So far, I’ve only discussed what happens when we have regular microstrip lines. What happens if you’ve designed with a grounded coplanar waveguide? The difference is that the width-to-dielectric thickness ratio will be smaller for a coplanar waveguide when the trace-to-ground pour spacing is lower. However, you have another lever you can pull: the spacing between the trace and its nearby ground routing.

Here, we have another version of skip routing: where we change the spacing coming out of the coplanar waveguide and a microstrip. If you remember an earlier article on microstrip clearances to ground, you’ll notice that bringing ground routing to pour near a microstrip reduces its impedance, which is why we can use a thinner trace in a coplanar waveguide than a microstrip for the same substrate thickness.

The example below shows another way we can recover some losses by transitioning to a wide microstrip from a narrow coplanar waveguide. If you recall my earlier article on microstrip vs. coplanar waveguide losses, you’ll notice that the coplanar trace will have larger PCB conductor losses for a typical rough plating like ENIG. This is (in part) due to the modification of the microstrip line’s losses by roughened plating, which increases the magnitude of the skin effect. By transitioning out of the coplanar line into a microstrip with a taper, the microstrip will have lower losses than the coplanar section.

Microstrip to CPW transition
Interconnect geometry comparison when making a coplanar waveguide to microstrip transition. In this example, there was no need to clear GND on the next layer.

In this example, we haven’t cleared any of the ground on the next layer. Instead, we just cleared the ground on the same layer and then widened the trace to maintain impedance, Some additional losses would be reduced by going with immersion silver plating instead of ENIG, as well as pulling the solder mask off of these lines as LPI solder mask materials have high loss tangent.

What About Effective Dk?

When the distance from the trace to the ground layer is increased, the field distribution will change and thus the effective Dk value seen by the signal traveling on the trace will also change. One might rightfully ask: what happens to the effective Dk value, and does it change the total losses along the interconnect?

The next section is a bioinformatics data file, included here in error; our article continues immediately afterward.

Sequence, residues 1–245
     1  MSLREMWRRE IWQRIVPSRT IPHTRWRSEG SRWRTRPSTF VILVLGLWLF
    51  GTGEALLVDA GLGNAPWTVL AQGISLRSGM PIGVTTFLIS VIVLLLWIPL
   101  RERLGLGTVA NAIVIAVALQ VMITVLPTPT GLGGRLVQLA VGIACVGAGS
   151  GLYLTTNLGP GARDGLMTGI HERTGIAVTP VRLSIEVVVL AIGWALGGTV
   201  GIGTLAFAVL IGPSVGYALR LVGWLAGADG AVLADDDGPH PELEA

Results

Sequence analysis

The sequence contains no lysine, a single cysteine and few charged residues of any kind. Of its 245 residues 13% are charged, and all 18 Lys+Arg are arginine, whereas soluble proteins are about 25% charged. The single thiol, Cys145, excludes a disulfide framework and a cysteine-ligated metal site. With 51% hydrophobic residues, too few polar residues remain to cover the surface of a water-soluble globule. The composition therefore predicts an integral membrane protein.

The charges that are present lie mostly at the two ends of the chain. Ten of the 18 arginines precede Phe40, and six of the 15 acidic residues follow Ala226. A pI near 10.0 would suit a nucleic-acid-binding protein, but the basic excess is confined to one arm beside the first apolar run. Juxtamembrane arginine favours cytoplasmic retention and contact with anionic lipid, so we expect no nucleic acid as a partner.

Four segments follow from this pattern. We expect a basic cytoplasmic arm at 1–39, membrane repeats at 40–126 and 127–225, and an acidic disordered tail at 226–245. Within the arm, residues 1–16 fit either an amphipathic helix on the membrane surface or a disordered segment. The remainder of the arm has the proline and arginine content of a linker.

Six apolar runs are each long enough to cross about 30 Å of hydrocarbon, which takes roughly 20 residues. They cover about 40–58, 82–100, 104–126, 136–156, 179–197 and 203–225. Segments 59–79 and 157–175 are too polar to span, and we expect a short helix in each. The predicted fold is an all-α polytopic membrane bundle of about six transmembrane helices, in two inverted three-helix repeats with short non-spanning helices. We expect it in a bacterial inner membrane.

While it is true that changing the trace width modifies the field distribution around the trace, it only slightly changes the effective dielectric constant. This is because the width-to-dielectric thickness ratio required for controlled impedance is only slightly nonlinear for a microstrip, so doubling the dielectric thickness requires very nearly doubling the trace width to reach the same impedance. This gets you back to the same effective Dk value for your microstrips. This should explain why the loss tangent doesn’t need to change in order to get some losses back in your interconnects.

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About Author

About Author

Zachariah Peterson has an extensive technical background in academia and industry. He currently provides research, design, and marketing services to companies in the electronics industry. Prior to working in the PCB industry, he taught at Portland State University and conducted research on random laser theory, materials, and stability. His background in scientific research spans topics in nanoparticle lasers, electronic and optoelectronic semiconductor devices, environmental sensors, and stochastics. His work has been published in over a dozen peer-reviewed journals and conference proceedings, and he has written 2500+ technical articles on PCB design for a number of companies. He is a member of IEEE Photonics Society, IEEE Electronics Packaging Society, American Physical Society, and the Printed Circuit Engineering Association (PCEA). He previously served as a voting member on the INCITS Quantum Computing Technical Advisory Committee working on technical standards for quantum electronics, and he currently serves on the IEEE P3186 Working Group focused on Port Interface Representing Photonic Signals Using SPICE-class Circuit Simulators.